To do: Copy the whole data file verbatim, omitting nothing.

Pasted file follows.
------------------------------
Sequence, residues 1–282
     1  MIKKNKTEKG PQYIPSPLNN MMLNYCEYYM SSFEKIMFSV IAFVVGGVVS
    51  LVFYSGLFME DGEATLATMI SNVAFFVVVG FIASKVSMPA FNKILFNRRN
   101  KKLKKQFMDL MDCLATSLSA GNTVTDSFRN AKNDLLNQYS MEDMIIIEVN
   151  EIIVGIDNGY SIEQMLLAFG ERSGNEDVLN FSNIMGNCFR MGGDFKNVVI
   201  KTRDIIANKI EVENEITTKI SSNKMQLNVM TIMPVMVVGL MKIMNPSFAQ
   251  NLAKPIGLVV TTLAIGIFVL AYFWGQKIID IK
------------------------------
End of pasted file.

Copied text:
Sequence, residues 1–282
     1  MIKKNKTEKG PQYIPSPLNN MMLNYCEYYM SSFEKIMFSV IAFVVGGVVS
    51  LVFYSGLFME DGEATLATMI SNVAFFVVVG FIASKVSMPA FNKILFNRRN
   101  KKLKKQFMDL MDCLATSLSA GNTVTDSFRN AKNDLLNQYS MEDMIIIEVN
   151  EIIVGIDNGY SIEQMLLAFG ERSGNEDVLN FSNIMGNCFR MGGDFKNVVI
   201  KTRDIIANKI EVENEITTKI SSNKMQLNVM TIMPVMVVGL MKIMNPSFAQ
   251  NLAKPIGLVV TTLAIGIFVL AYFWGQKIID IK